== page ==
Three hundred men, armed with sticks, were on parade outside the governor's office. A man in a scarlet shell-suit was inspecting them from the back of a jeep. These men werepreparing to defend Indonesian rule. All of them are Timorese.
The man on the jeep, Eurico Guterres, leads one of several pro-Indonesian militias which have sprung up in East Timor since late last year. The militiamen say they want to defend society against the violence of pro- independence guerrillas. Many people believe they are paid stooges of the Indonesian army.
Questioned by reporters, Mr Guterres' answers turn into a populist rant against the Timorese political elite, particularly those leaders who support independence. "They go to Macao or America and get the pretty girls and come back with enough to buy a Feroza or a Vitara [types of car], then they say they're pro-independence. The people must seize all of them and bring them to justice."
Anyone seen as an enemy of Timorese integration with Indonesia has been threatened by the militias, and some people now hang the red-and- white flag of Indonesia outside their houses to try to ward off the militiamen.
The militias draw support from some of the thousands of Timorese civil servants and businessmen with a vested interest in Indonesian rule, imposed by force in 1975. Some of these men had relatives murdered by left-wing Timorese guerrillas at that time. They are afraid that after independence, they may be targeted again.
"[The militias] have to take over Dili, because this is where all the people of influence are," said Manuel Carrascalao, a local grandee who used to support Indonesian rule but now advocates independence.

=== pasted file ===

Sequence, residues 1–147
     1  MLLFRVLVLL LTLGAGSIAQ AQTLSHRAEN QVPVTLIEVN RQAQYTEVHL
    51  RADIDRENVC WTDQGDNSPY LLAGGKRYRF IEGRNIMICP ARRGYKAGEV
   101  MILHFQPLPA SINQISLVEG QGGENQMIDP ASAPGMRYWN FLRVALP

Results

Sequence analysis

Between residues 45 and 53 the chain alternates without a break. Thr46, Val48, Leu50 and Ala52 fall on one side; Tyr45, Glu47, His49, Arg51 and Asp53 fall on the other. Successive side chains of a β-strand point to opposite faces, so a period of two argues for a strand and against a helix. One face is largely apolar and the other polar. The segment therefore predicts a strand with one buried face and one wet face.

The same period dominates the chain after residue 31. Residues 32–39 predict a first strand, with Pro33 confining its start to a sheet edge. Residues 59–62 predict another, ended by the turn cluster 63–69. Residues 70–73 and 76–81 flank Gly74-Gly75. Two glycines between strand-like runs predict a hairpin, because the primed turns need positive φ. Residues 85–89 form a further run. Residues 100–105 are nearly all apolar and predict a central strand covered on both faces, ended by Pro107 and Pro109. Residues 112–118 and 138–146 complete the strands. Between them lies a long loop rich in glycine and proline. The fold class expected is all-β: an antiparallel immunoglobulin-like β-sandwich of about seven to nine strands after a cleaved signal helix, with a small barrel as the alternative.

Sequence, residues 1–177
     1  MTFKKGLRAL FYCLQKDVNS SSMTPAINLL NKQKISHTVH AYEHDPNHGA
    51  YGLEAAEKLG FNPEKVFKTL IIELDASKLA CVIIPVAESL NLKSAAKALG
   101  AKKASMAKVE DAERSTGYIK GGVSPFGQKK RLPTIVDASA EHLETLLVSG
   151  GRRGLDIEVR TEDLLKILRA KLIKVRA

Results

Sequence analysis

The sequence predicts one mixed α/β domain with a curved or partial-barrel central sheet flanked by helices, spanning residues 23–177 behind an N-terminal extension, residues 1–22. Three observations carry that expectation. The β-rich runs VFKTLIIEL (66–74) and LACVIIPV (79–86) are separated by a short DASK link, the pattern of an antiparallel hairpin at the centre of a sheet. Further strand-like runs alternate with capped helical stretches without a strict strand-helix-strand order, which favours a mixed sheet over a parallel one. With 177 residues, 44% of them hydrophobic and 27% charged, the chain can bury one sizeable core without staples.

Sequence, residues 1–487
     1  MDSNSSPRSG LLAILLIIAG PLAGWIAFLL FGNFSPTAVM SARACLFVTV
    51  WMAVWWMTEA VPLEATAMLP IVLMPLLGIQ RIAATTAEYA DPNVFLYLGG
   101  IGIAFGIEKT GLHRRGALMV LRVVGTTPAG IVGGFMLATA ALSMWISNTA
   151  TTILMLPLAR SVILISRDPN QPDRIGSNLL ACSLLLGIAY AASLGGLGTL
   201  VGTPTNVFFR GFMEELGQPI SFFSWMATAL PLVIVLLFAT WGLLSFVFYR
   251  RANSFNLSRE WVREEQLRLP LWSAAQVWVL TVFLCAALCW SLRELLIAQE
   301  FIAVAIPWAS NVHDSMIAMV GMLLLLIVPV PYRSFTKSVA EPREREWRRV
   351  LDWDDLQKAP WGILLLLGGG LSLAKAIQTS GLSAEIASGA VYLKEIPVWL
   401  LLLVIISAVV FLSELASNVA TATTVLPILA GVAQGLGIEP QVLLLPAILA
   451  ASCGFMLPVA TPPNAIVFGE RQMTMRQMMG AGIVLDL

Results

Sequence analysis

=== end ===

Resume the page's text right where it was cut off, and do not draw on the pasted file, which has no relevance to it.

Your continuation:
Mr Carrascalao is one of the few spokesmen for independence who has not gone underground. He spends the time in his shuttered villa in Dili. He seems unworried by the threats. "I don't think they can kill me that easily," he says.
The militiamen say they are volunteers, defending East Timor from the guerrillas of the detained independence leader, Xanana Gusmao. Two of their men were kidnapped from a Dili bus terminal on 5 April and have not been seen since, they said.
But if they are on the side of the people, why is everyone terrified of them? "The people who are afraid are those who are guilty," says a young militia officer, standing next to Mr Guterres. "If they're not guilty, why are they afraid?"
Some East Timorese believe many of the militiamen were forced to sign up. "They are given drugs so that they don't even know who their parents are," said one hotel worker in Dili.
The militias have been blamed for dozens of killings this year as Indonesia and Portugal, the former colonial power, discussed East Timor's future with the United Nations. The East Timorese were due to vote on independence in July.
The worse the violence, the less chance the vote will go ahead. This would suit nationalist elements within the army which do not want to see East Timor break away. The worst reported atrocity was in Liquica, west of Dili, 10 days ago, where as many as 50 people may have been murdered by militiamen. The official death toll is seven.
The Indonesian army says that Mr Guterres' group are auxiliaries who will work with the police to keep public order. Colonel Tono Suratman, the local commander, said: "For 23 years we've worked to keep East Timor secure. But as you know, there aren't enough police."
But one militia officer said: "We're not working for the government. We're here to defend the people."
Mr Guterres put things more forcefully. In a statement issued this week, he called on people to "destroy the disturbers of integration [with Indonesia] to their very roots".
For anyone who does not support Indonesian rule in East Timor, the message is clear.